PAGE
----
Interest-rate risk is the potential for rising rates to cause bond prices to fall. While many investors view interest-rate risk as a necessary cost for the benefits bonds can provide, rate uncertainty can be unnerving, especially for investors seeking an income stream.

A bond ladder may help to manage these concerns by creating a predictable stream of income while diversifying maturities over a pre-determined range.

Whether interest rates rise or fall, a portion of the portfolio is reinvested at prevailing interest rates, which helps stabilize the annualized return and partially offset the initial price impact of the shifting rates.


Default risk

Because the purpose of a bond ladder is to provide predictable income over an extended period, taking excessive risk may not make sense. Income investors may want to consider focusing on higher-quality bonds.

Investment-grade corporate bonds are high-quality bonds that have historically had a low default rate, while providing a higher yield potential than government bonds.


Balancing act

Shorter duration bonds tend to be less sensitive to interest rate movements than long duration bonds. Because they are less risky in this regard, they also tend to offer lower yields than similarly rated long duration bonds.

Fixed-income portfolios that seek stability by overweighting either short-term bonds or government issues may not provide sufficient income to meet an investor’s goals and are sensitive to changing interest rates. Investment-grade corporate bonds have the potential to offer attractive yields compared to a traditional fixed-income portfolio made up of government bonds while a laddered approach may help lower sensitivity to interest rates.


Strategy in action

With more Canadians entering retirement, there is a growing need for quality income investments that can serve as a complement to equities. Having a fixed-income strategy that can help navigate changing interest rate environments, while managing the risk, is vital.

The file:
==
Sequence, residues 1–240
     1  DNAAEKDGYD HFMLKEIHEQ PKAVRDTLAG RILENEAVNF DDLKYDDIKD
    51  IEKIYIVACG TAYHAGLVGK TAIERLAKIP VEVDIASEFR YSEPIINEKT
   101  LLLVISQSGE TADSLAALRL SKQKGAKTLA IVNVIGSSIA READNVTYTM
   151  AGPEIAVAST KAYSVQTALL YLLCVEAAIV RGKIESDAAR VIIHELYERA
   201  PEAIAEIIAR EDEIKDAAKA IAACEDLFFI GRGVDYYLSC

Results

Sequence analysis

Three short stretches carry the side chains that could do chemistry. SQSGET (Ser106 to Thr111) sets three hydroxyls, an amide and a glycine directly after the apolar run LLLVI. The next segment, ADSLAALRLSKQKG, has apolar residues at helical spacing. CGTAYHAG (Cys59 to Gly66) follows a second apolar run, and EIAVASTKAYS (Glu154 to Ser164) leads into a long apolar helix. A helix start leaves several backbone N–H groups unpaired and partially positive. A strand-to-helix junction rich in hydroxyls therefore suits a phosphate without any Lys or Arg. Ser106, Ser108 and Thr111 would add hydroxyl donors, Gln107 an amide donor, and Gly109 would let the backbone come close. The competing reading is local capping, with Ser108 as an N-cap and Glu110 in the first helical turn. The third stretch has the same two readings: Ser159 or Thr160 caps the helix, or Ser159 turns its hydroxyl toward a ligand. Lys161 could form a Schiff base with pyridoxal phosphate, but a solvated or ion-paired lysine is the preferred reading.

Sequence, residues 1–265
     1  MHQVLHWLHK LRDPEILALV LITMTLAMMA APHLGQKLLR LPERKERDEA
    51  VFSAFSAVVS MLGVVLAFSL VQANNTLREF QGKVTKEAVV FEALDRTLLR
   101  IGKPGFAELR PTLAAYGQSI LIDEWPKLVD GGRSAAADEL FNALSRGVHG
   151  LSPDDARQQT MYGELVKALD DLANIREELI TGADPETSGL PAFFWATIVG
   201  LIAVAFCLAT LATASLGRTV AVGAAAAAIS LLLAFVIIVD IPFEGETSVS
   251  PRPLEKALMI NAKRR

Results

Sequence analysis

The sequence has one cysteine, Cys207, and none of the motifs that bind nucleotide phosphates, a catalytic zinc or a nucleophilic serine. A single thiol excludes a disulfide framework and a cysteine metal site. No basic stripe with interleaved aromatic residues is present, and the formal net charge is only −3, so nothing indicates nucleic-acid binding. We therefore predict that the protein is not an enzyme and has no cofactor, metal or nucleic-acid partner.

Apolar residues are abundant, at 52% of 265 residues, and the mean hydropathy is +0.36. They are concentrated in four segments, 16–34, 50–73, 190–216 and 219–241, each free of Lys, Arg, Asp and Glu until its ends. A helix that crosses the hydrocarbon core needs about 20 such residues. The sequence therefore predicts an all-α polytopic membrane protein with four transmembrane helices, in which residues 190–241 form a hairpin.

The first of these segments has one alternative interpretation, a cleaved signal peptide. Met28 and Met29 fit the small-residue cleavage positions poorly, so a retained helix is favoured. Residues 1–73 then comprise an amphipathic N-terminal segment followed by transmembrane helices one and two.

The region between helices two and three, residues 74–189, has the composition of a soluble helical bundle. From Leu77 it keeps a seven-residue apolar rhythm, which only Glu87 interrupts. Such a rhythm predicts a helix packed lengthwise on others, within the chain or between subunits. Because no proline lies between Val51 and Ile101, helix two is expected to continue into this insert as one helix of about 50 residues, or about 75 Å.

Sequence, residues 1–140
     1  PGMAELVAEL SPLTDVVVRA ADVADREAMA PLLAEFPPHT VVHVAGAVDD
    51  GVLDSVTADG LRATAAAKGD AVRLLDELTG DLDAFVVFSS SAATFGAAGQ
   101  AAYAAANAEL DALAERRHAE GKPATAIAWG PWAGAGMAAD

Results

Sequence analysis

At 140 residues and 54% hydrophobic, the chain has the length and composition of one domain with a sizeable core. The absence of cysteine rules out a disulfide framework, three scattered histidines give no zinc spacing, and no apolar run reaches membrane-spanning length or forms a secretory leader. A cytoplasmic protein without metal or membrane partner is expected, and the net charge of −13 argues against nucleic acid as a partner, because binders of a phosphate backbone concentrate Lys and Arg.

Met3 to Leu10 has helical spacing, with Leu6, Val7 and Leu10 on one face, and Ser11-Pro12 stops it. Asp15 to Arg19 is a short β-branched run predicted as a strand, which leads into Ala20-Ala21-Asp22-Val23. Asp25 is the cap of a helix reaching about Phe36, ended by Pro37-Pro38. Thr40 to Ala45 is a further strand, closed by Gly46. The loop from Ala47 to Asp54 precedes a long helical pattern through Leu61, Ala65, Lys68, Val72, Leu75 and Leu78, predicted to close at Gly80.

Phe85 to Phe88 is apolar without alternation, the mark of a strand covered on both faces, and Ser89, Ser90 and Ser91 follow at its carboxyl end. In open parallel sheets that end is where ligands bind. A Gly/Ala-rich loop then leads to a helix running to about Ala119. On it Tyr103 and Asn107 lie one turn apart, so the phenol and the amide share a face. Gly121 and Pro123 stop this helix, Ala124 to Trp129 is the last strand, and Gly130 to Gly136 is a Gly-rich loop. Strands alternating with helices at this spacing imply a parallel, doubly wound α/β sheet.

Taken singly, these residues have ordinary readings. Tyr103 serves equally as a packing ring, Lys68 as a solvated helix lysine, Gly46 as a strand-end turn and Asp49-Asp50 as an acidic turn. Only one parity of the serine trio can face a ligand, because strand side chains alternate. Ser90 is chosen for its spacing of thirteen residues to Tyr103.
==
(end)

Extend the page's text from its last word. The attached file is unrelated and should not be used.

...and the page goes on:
Invesco laddered bond strategies can serve as core positions in a fixed-income portfolio. By combining a laddering strategy with investment-grade corporate bonds, these ETFs help manage reinvestment risk, interest-rate risk and default risk, while providing an attractive yield compared to the broad Canadian bond universe.

With a shorter time horizon, Invesco 1-5 Year Laddered Investment Grade Corporate Bond Index ETF (PSB), may provide protection against interest-rate sensitivity and greater capital preservation.



Hypothetical ladder and statistics are for illustration purposes only. The laddering strategy does not guarantee better performance than a non-laddered strategy and cannot eliminate the risk of investment loss.

The opinions above are those of Invesco Canada as of July 17, 2019. These comments should not be construed as recommendations, but as an illustration of broader themes. Forward-looking statements are not guarantees of future results. They involve risks, uncertainties and assumptions; there can be no assurance that actual results will not differ materially from expectations